Attention Deficit Hyperactivity Disorder (ADHD) occurs when a person finds it difficult to concentrate, behaves impulsively, and has over-active tendencies (U.S. National Library of Medicine, 2012). A person who suffers from ADHD will find that it affects every aspect of his or her daily life.
Anxiety occurs when a person feels a stronger form of fear or stress regarding situations. Anxiety may occur for a reason, such as prior to a surgery, or for some individuals anxiety is a daily occurrence over smaller scenarios, such as driving a vehicle or being in public places (Bailey, 2012). With anxiety there is a healthy range that most people will experience at some point, and there is an unhealthy range in which the anxiety affects the person’s daily life.
It is very common that anxiety and ADHD will coexist within a patient (Bailey, 2012). Some patients who live with both ADHD and anxiety will find that the two syndromes can feed off of each other.
For example, when an individual with ADHD is baking in the kitchen, he or she may become frazzled and feel as though staying on track is impossible, and therefore become overwhelmed. This may lead into the person experiencing a heightened sense of anxiety because of feeling as though he or she is not in control of the situation. The anxiety will make it even more difficult for the individual to focus, thereby empowering the ADHD symptoms.
An effective form of treatment for patients living with both ADHD and anxiety is Psychotherapy. This form of treatment focuses on the fundamental causes of both disorders. Through psychotherapy the patient will learn how to cope with the symptoms of both ADHD and anxiety (Stannard, 2012).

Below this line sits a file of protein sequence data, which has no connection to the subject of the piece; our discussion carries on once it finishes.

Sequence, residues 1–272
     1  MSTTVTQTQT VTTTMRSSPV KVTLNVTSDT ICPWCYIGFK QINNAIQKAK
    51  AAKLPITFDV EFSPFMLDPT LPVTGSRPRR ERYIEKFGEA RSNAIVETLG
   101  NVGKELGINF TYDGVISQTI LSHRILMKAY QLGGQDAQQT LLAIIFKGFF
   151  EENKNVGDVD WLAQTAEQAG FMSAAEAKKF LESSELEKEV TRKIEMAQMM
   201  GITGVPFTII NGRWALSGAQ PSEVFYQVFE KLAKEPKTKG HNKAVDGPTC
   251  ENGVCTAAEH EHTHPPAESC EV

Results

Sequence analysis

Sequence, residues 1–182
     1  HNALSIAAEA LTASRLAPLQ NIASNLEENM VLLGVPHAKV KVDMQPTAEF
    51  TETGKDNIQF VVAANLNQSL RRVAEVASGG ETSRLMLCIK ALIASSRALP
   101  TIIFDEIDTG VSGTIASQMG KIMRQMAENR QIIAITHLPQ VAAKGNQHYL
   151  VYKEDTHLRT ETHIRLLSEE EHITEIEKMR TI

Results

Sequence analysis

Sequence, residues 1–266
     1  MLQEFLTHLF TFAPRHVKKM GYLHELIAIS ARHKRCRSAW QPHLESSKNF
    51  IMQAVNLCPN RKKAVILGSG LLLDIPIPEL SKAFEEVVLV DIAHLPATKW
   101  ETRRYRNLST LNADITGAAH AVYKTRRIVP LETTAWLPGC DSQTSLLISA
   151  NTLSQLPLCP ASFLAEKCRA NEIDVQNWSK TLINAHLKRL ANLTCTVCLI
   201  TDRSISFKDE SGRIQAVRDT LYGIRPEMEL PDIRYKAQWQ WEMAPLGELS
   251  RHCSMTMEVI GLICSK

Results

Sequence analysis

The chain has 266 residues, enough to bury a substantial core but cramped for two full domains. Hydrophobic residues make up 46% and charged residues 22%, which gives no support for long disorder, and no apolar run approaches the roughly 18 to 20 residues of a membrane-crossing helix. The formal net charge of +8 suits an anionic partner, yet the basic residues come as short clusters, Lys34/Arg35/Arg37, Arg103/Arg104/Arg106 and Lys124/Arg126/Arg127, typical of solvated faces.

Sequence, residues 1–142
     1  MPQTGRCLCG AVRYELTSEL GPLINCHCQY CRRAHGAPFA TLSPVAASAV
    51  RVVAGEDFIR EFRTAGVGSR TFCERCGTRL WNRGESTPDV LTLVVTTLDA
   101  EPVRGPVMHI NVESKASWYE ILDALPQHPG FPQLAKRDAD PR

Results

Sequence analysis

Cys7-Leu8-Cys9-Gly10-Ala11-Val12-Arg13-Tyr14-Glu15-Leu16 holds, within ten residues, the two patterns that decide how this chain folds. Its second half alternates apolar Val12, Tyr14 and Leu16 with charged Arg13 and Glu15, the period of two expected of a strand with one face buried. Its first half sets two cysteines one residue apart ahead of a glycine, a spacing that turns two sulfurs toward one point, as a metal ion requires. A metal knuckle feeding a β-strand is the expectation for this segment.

According to the American Psychological Association of America, cognitive behavioral therapy is the most recommended form of psychotherapy for patients living with both disorders. This is because cognitive behavior therapy helps the patient learn to identify specific triggers of symptoms and how to overcome them. The patient can also learn relaxation techniques as a form of coping skills through behavior therapy (Stannard, 2012).
Exposure therapy is another form of behavioral therapy in which the therapist will expose the patient to different anxiety triggers and therefore desensitize the patient to those triggers. The therapist will also teach the patient coping mechanisms for when faced with various high-anxiety scenarios (Stannard, 2012).
The patient may also benefit from a form of therapy that focuses on the ADHD aspect, which is called Social Skills Therapy. This form of therapy concentrates on the hyperactive and impulsive symptoms of ADHD (Stannard, 2012).
A more multi-facetted form of therapy is Family Therapy (Stannard, 2012). Through family therapy, the therapist addresses any questions, concerns, or struggles that other members of the patient’s family may be experiencing because of the patient’s ADHD and anxiety. The therapist will help educate the family on the two syndromes, and teach the family as a whole how to work together.
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Bailey, E. (2012). ADHD & Anxiety. Retrieved from http://www.healthcentral.com/adhd/related-conditions-196320-5.html
Stannard, L. (2012). What are the Treatments for ADHD & Anxiety Disorder?. Retrieved from http://www.livestrong.com/article/125528-treatments-adhd-anxiety-disorder/
U.S. National Library of Medicine. (2012). Attention Deficit Hyperactivity Disorder. Retrieved from http://www.ncbi.nlm.nih.gov/pubmedhealth/PMH0002518/